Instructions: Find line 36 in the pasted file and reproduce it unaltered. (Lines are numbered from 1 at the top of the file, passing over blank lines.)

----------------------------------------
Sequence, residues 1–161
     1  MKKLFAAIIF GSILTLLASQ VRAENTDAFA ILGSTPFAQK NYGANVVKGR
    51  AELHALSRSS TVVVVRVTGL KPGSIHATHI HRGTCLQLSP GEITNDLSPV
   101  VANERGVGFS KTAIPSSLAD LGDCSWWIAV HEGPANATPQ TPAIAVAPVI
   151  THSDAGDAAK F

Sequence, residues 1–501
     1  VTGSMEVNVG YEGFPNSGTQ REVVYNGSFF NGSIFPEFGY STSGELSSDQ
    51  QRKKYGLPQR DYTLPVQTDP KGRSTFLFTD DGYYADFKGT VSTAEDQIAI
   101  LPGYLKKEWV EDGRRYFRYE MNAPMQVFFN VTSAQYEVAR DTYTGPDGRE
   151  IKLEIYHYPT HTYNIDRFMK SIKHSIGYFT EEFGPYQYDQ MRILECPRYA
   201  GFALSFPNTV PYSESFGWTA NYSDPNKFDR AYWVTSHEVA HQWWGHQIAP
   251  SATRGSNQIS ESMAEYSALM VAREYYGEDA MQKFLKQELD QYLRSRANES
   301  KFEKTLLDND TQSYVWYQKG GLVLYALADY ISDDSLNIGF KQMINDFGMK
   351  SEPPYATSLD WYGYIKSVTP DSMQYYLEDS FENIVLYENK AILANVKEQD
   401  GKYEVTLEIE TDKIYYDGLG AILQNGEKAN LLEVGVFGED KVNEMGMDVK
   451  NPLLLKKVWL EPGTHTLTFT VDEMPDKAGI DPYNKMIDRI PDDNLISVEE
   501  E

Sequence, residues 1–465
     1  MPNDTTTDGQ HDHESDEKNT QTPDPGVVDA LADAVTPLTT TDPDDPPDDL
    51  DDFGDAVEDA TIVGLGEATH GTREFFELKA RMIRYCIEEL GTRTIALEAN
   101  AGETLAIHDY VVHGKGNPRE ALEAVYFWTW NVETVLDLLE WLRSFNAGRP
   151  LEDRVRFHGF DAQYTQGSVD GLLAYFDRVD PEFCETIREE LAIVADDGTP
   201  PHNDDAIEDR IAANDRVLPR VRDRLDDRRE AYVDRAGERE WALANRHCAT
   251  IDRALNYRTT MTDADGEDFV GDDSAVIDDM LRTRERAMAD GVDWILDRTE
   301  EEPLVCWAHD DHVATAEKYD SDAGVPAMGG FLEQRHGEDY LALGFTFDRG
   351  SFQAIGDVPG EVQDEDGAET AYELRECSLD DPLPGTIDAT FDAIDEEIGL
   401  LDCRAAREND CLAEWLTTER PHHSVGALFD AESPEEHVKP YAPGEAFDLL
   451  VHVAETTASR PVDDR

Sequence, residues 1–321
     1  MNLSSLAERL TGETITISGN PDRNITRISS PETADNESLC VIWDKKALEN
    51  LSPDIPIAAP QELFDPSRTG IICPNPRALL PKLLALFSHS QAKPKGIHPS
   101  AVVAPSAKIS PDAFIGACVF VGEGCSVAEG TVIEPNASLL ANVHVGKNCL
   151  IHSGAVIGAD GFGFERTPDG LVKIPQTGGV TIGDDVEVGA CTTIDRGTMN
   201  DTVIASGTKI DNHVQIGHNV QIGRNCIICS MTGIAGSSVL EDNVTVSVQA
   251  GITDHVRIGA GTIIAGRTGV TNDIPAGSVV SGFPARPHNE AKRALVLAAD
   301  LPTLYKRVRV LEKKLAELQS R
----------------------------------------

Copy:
   301  LPTLYKRVRV LEKKLAELQS R